3 Facts You May Not Have Known About Industrial Steam Systems

Boiler steam traps

While most people think of radiators and steam heat as something only found in old houses, these same heating systems are still used today in a number of commercial and residential buildings. Properties that use radiant heat or similar methods will typically require a boiler, complete with the required steam traps and steam safety valves. These systems collectively fall under the category of hydronics because they require water in order to work.

Whether you’ve just brought property that uses radiators for heating or you’re thinking about it, you should know what you’re getting ahead of time. What do you need to know about hydronics and steam heat systems? Here are some things you may not have known about the heat in your commercial property:

Steam is different than other forms of heating.

A majority of properties these days often use electricity and natural gas for heating, among other methods. This often means the use of fossil fuels, which isn’t generally considered an environmentally-friendly option. Hydronics, owever, work differently. Beyond having proper hydronics equipment for heating, however, which includes traps, regulators, and vents, among other parts, these systems only require the use of water, which is heated up in a boiler and then dispersed as steam. (Larger systems typically have underground pipes in order to heat industrial properties and college campuses, for instance.) This is an older system for heating buildings, but it is a tried and true method that has been around for a long time.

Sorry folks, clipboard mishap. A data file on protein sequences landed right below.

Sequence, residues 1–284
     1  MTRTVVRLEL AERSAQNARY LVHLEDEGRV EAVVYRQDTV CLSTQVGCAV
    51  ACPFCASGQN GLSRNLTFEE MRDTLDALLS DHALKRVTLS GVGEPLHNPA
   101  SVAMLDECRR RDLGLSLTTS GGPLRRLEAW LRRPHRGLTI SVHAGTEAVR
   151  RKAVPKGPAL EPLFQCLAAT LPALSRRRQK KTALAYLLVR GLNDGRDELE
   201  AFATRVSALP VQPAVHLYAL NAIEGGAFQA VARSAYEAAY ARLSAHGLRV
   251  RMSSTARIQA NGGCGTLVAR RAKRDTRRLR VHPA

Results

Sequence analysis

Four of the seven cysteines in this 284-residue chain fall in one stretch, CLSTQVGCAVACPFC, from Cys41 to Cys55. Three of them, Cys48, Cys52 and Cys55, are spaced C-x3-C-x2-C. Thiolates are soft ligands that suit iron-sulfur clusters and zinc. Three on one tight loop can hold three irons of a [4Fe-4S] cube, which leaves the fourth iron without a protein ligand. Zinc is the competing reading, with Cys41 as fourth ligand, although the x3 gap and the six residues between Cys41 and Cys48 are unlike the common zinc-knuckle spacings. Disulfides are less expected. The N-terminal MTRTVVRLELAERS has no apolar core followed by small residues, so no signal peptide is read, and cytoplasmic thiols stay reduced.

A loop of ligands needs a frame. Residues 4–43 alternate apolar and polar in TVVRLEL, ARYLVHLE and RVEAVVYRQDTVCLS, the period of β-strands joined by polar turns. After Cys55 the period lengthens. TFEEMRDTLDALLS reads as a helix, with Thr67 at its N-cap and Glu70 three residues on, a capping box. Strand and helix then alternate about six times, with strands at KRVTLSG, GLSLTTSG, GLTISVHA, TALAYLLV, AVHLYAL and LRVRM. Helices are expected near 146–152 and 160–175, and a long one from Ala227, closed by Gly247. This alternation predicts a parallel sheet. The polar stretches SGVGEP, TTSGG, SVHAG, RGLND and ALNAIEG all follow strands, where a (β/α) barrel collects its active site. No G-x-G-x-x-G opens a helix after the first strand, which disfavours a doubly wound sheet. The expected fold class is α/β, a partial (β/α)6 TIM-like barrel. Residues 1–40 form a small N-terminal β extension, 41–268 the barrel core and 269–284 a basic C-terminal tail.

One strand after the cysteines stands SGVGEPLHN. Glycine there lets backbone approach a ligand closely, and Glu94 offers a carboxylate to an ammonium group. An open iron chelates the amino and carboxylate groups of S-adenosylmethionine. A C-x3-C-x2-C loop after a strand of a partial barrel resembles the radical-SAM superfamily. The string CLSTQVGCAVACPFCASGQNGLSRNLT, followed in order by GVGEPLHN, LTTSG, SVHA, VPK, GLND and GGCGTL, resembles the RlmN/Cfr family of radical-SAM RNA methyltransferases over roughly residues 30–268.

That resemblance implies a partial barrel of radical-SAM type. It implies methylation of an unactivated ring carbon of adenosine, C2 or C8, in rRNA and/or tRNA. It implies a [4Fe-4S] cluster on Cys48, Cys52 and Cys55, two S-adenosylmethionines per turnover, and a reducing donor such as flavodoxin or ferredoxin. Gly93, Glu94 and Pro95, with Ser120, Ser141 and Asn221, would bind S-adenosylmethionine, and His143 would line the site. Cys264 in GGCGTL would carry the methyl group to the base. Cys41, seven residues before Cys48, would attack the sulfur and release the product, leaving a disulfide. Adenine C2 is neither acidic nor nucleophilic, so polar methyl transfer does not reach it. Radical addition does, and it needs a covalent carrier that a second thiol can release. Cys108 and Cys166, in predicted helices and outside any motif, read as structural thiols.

These systems don’t use as much water as you might think they do.

In order to convert one pound of water to steam, it takes roughly 970 BTU of energy. While one pound of water might seem like a lot to go through at once, the volume of the steam is 1,603 times greater than that of the same volume of water from which it is created. By installing high quality equipment, property owners and maintenance managers can ensure that heat losses stay under 1% in order to keep costs low and stay as eco-friendly as possible.

As with other heating systems, maintenance is key.

If it’s been between some time since you last had this equipment maintained, then you could be at risk for some serious issues — and costly repairs. Of systems that hadn’t had any maintenance in at least three to five years, between 15 and 30% of the steam traps had failed. These traps help you avoid losing steam and, thus, having an inefficient system overall. Of all the traps in these systems, there should be fewer than 5% that are found to have leaks in order to have maximum efficiency. A system with faulty traps can waste approximately $8,000 in heating costs per year, so make sure that repairs and inspections are a priority.

Have more questions about how these systems work? Make sure you get in touch with a company that can address you concerns about proper heating with steam.

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